Verizon this week unveiled a software-defined managed WAN service for enterprises based on Cisco’s existing Intelligent WAN (IWAN) technology and not its new enterprise SDN controller.
Verizon’s Managed Software Defined Wide Area Network (Managed SD-WAN) service is a controller-less IWAN software module for Cisco’s ISR and ASR branch routers, says Shawn Hakl, vice president of enterprise networking and innovation for Verizon. Among the features of the service are integrated application optimization for improved and faster application performance; intelligent path control to utilize both MPLS and the Internet connections through Cisco’s Performance Routing technology; and faster provisioning of new sites and services in a hybrid WAN.
In developing the Managed SD-WAN service, Verizon did evaluate Cisco’s Application Policy Infrastructure Controller-Enterprise Module, which was introduced in January 2014 but is still not generally available. APIC EM is targeted at automated WAN and access network and policy configuration, among other applications.
But the Managed SD-WAN service “does not necessarily require that centralized controller” architecture of APIC EM, Hakl says. It is centrally managed, but the control plane for the service is not.
“We picked elements necessary to meet that use case,” Hakl said. “APIC is not necessary for the initial launch.”
APIC could come into play as Verizon looks to orchestrate services on top of connections optimized through IWAN and Cisco’s Dynamic Multipoint VPN (DMVPN) IPSec software. DMVPN does use a centralized architecture to implement and manage deployments that require granular access controls for mobile workers, telecommuters, and extranet users.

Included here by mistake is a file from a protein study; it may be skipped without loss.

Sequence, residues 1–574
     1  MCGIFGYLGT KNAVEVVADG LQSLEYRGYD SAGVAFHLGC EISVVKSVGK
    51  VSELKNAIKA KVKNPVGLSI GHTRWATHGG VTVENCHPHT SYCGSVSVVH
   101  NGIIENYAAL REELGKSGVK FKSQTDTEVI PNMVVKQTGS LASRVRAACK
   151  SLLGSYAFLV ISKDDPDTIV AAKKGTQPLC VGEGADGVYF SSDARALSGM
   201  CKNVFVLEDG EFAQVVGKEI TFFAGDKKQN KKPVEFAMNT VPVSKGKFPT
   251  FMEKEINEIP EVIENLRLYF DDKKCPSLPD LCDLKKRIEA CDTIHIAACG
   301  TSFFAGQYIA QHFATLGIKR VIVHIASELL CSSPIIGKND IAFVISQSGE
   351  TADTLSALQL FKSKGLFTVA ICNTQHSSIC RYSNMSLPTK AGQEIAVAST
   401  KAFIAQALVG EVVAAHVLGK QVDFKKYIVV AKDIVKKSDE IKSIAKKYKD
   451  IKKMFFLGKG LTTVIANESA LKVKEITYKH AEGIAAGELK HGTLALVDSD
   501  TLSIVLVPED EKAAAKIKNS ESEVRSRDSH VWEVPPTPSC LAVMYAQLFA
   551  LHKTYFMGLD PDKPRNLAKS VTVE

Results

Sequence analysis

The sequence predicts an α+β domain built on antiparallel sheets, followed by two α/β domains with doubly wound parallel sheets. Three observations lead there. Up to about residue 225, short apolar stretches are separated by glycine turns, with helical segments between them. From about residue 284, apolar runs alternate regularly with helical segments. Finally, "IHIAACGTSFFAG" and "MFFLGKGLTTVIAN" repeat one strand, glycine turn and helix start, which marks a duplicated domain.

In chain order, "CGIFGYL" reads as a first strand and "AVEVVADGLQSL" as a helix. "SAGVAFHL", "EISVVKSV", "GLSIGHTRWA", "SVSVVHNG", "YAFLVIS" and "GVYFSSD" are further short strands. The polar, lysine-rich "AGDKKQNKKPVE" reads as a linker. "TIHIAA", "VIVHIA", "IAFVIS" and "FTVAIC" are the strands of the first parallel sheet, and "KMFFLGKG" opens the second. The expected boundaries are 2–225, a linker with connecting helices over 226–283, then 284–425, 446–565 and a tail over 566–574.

APIC could be added to Managed SD-WAN to deliver virtual Layer 4-7 appliances and connect to a software-defined data center, Hakl says.
Cisco says APIC EM was never designed to service provider managed services. Instead, it’s for enterprise “self-management,” says Jason Rolleston, senior director of product management for Cisco Enterprise Routing.
“APIC EM is for enterprises trying to manage themselves,” Rolleston says. “It’s not for service provider multitenant management. We’re working on service provider orchestration and management but it’s currently not part of the offering.”
Cisco’s SD-WAN strategy of late has placed virtually no emphasis on APIC EM. Instead, the company’s been touting the existing capabilities of IWAN and DMVPN.
Cisco recently pitched an SD-WAN “Bill of Rights” that mentioned no specific product, but conspicuously absent was any mention of APIC EM in a software-defined WAN context.
Verizon also uses Viptela’s SD-WAN products in its Managed SD-WAN offering. Hakl says the carrier’s SDN strategy has always been multivendor to address customer choice in implementation for the same SD-WAN application.
Viptela says it has 15 Fortune 500 customers for its controller-based, “transport agnostic” SD-WAN, which provides a full mesh of IPSec tunnels. One customer, Viptela’s largest, is a California retailer with 1,400 sites that also evaluated Cisco’s IWAN and DMVPN, according to Viptela.
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